Thursday, 27 November 2008

This Is The Life

An occasionally prophetic review I wrote for The Vine (University of St Andrews student magazine) in March 2007

Amy Macdonald is a terrible poser (check out her website if you don’t believe us), but she’s probably going to be mahoosive. In the musical sense, rather than appearing on telly with diet bitch Gillian McKeith. The 19-year-old indie pop songstress (as she’ll probably be called) has already attended the Brit Awards and been given a slot at Glastonbury; and the fact that she’s a Scottish girl with a guitar has begun to draw those obvious (but by and large complimentary) comparisons with KT Tunstall.

Her album sampler (watermarked so that The Vine does not fiendishly copy it to share the beautiful acoustic pop melodies with others who will undoubtedly want to buy the CD, shirt, and moody photograph of Amy sitting on a wall somewhere faintly scummy in Glasgow that's about eight miles away from where she actually lives) contains five tracks from the debut, This is the Life, due for release this summer.

The new single, Poison Prince is quite catchy. It’s got a fast, toe-tapping bit to hook you in there, then a quieter bit for variation, then back into the chorus. Yay! Oh well, at least it’s easy. Sounds like a reasonably good track to drive to, and fractionally less annoying than a lot of Radio 1 fare.

Track 2, Mr Rock And Roll, has a bit of a celtic ring to it. Amy is keeping her options open, she might be asked to do Robert Burns’ birthday on BBC 2 next year if she plays her cards right.

By the way, she’s heavily influenced by fellow Scots, Travis. Oh dear. Travis are all well and good, don’t get us wrong, but as your main musical inspiration? Well no, not quite actually, Travis were her first musical discovery, but the title track of the album was motivated by the works of drug-addled media-whore Pete Doherty. She wants to be deep, bless her, but she’s stuck for any proper life-changing experiences to write about. “Although the songs you hear are sweet and happy they actually come from a much darker place,” she trills on her myspace gumph. Bollocks. What darker place is she referring to exactly, Paisley?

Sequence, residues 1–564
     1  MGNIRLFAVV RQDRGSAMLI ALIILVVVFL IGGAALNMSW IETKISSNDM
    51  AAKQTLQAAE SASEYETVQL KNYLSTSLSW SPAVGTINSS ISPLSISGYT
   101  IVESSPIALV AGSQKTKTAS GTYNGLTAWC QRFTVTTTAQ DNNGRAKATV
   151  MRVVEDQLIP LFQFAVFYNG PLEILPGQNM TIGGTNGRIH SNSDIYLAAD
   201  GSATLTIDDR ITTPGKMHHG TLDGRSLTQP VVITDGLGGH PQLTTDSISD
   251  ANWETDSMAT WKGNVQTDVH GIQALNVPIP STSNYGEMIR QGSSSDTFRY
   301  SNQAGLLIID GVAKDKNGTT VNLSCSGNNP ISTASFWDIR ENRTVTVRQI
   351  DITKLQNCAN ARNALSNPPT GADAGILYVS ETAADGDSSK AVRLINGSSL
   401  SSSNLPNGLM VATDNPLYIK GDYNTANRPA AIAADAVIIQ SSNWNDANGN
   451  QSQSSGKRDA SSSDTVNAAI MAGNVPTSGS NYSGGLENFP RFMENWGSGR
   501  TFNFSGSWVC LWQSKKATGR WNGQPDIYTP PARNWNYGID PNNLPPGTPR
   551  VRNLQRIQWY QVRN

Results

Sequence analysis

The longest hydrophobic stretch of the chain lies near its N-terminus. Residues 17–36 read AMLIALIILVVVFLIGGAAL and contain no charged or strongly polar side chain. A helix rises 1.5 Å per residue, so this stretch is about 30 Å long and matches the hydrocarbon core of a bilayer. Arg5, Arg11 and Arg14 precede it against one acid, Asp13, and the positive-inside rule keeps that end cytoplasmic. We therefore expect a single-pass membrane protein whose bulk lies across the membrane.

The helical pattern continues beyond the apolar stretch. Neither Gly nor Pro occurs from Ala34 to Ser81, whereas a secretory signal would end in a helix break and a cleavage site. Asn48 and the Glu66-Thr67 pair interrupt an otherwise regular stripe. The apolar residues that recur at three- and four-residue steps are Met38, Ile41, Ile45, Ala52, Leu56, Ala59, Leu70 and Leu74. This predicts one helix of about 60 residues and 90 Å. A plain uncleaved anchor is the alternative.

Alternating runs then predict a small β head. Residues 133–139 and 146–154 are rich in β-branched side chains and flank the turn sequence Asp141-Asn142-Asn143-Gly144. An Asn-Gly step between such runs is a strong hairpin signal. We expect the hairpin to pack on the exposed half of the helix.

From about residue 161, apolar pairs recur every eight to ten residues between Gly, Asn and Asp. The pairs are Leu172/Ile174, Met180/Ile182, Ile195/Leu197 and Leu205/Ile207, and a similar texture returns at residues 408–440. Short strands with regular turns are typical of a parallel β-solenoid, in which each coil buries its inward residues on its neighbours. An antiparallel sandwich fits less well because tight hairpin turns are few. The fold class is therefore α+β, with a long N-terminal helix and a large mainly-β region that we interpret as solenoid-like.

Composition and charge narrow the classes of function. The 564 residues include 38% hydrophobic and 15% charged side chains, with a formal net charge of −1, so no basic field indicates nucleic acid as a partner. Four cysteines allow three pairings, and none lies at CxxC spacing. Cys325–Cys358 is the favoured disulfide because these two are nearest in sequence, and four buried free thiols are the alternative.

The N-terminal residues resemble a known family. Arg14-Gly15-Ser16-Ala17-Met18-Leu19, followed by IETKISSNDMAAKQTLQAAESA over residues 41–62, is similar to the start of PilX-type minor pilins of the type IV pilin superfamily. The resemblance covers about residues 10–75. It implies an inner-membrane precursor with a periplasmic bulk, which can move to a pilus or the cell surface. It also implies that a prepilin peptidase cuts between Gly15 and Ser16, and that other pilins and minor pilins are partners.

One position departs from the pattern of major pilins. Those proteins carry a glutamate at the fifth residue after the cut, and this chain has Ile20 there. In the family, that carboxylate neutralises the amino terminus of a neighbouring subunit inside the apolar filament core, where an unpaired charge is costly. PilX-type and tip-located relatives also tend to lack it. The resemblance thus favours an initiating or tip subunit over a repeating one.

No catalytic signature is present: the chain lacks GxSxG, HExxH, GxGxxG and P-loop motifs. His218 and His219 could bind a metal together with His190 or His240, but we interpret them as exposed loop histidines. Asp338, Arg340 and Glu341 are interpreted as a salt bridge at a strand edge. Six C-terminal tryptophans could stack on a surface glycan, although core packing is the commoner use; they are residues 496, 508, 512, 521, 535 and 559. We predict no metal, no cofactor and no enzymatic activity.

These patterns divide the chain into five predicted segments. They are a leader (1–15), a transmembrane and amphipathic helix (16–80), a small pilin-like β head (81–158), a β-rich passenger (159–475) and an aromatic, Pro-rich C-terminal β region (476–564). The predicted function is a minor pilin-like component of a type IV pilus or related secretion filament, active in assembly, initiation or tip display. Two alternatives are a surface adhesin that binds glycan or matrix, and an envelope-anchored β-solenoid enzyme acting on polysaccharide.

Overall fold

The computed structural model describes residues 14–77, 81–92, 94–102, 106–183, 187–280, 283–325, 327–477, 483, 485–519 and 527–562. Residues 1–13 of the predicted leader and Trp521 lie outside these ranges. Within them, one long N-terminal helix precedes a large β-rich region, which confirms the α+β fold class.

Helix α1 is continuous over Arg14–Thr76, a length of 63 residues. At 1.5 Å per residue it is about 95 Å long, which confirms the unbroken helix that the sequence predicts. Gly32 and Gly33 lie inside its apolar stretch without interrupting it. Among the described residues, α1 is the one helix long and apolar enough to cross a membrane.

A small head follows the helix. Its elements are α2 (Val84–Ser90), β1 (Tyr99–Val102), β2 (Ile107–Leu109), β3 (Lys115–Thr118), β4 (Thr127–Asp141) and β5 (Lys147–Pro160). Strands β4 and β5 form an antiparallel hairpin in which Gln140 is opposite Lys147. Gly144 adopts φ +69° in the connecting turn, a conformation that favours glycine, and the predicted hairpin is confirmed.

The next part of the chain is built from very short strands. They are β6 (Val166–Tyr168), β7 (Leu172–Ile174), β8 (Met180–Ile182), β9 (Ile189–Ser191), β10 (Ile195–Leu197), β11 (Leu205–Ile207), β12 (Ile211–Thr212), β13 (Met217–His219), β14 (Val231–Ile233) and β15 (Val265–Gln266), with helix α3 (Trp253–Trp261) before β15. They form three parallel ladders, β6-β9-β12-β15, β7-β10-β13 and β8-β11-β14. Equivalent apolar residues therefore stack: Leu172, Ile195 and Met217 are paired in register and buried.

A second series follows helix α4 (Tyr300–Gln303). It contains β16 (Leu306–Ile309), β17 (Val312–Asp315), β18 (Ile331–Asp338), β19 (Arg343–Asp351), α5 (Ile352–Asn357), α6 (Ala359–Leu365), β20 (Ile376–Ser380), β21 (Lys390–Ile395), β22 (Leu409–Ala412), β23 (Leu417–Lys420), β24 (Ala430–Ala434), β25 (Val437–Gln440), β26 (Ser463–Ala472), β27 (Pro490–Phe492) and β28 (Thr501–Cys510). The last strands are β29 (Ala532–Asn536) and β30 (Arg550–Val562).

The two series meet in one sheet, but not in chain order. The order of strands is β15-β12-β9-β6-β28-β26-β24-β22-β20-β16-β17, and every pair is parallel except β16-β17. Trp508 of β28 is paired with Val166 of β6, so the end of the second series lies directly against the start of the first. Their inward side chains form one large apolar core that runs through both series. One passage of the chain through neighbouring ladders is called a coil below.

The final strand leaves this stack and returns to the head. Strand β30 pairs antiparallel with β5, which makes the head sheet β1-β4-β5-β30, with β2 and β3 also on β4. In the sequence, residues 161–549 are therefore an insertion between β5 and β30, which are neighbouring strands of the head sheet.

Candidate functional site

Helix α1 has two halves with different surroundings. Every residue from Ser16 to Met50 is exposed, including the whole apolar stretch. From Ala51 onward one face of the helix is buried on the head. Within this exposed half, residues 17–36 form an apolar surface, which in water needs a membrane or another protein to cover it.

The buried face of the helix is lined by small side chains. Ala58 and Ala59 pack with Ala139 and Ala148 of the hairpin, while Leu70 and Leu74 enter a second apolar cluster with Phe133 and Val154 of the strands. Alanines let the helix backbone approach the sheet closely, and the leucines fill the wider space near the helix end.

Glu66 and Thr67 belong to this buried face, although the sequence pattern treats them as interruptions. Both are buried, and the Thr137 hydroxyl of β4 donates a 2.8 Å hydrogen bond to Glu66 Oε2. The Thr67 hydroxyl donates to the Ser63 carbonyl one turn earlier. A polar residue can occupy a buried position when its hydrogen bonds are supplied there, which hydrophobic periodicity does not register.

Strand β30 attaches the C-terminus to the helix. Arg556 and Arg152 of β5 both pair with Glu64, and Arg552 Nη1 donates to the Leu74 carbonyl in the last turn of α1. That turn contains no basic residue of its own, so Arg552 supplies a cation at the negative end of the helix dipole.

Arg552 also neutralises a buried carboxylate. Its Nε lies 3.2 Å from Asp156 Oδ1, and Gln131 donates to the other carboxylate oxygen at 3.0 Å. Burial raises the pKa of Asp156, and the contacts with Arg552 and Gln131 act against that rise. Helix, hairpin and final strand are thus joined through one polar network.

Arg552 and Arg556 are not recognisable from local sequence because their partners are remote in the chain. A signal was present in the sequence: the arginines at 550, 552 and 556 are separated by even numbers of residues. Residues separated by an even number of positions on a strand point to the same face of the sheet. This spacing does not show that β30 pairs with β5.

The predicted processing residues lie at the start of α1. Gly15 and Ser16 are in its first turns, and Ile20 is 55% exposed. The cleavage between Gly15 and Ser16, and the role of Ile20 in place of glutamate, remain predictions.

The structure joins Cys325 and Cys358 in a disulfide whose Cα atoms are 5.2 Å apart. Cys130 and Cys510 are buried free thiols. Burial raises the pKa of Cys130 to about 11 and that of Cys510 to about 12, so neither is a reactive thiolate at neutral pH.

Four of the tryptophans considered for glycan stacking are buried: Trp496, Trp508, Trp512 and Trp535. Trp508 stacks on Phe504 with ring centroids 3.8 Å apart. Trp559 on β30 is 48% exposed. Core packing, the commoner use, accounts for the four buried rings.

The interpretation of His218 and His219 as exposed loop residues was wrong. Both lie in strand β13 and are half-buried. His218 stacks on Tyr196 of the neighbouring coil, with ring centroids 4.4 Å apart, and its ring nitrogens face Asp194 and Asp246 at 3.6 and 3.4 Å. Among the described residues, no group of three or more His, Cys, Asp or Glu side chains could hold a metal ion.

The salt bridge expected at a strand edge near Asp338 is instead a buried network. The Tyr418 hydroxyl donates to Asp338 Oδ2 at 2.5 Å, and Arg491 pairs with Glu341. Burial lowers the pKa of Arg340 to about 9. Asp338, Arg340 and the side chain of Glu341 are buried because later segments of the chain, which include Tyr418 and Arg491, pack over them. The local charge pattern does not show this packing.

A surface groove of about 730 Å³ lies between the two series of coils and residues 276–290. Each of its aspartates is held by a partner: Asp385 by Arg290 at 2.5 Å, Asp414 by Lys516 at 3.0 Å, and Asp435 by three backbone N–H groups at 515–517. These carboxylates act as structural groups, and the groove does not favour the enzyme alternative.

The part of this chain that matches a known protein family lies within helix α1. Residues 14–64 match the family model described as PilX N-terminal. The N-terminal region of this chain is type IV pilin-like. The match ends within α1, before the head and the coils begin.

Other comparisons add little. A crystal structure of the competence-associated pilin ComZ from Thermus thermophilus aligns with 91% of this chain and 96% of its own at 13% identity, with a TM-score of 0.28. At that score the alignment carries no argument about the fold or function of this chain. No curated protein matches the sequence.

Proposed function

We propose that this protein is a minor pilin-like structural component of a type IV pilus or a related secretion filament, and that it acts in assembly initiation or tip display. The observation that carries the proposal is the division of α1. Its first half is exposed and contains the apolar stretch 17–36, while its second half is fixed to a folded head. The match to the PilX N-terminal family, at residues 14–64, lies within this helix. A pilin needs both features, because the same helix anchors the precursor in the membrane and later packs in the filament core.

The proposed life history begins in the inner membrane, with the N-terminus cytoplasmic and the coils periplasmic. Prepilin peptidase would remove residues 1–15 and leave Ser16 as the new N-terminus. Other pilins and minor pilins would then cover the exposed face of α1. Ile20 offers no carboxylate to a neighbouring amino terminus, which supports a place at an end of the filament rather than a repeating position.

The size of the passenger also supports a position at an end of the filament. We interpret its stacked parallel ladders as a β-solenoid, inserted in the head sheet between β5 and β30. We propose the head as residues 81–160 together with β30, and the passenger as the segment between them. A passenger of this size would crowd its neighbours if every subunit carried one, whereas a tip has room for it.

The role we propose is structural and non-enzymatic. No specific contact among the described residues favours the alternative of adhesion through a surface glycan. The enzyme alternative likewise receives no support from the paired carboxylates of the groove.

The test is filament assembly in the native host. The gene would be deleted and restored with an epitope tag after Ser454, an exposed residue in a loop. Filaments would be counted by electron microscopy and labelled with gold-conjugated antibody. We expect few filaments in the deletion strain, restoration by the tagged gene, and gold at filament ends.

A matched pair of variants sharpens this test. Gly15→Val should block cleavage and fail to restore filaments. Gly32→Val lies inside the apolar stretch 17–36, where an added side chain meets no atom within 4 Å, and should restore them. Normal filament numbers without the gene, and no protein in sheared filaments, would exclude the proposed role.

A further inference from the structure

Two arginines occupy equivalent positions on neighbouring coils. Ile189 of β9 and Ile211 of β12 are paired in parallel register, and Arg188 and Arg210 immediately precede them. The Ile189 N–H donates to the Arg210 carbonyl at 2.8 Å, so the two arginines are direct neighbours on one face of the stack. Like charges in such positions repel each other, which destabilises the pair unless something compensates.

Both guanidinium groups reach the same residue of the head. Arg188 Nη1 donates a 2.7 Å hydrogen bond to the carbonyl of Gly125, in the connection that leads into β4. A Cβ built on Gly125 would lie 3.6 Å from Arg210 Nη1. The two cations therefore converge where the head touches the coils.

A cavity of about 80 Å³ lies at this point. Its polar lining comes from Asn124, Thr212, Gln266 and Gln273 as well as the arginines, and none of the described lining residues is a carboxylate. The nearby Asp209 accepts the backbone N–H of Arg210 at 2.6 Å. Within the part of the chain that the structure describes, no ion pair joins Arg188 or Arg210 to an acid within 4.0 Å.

The slow track™ is called This Is The Life, and sounds like it was written the morning after, when you get home and realise you’ve lost your keys. And nobody’s in to open the door of course. Bumsticks. This leads you to question the very meaning of existence, and indeed, where you will sleep tonight. Pretty deep, non? So, in a flurry of existential contemplations, you wander about trendy coffee shops with an acoustic guitar, looking moody and hoping someone from Mercury will give you a record contract.

Barrowland Ballroom
is a bit perky again, there’s even a wee honky tonk thing going on there. How cute, and not a bit twee. Amy can rhyme ‘drink’ and ‘think’, and wishes she was onstage instead of at the bar. Fair enough, if you’ve ever been to a gig in the Barrowlands you’ll know how uncomfortable it can get in the audience. If ever you wish to intimately acquaint yourself with the sweat glands of a roomful of strangers, that’s the place to be.

And so we come, politely tapping our toes in time with the poppy goodness, to the last song on our much sought after sampler (the inaudible watermark allows us to trace this audio back to YOU). “Put a ribbon round my neck and call me a Libertine / I’ll sing you songs of what I used to dream.” Pardon? This is the opening to Let’s Start A Band. Presumably pap like this is why Amy is a solo artist.

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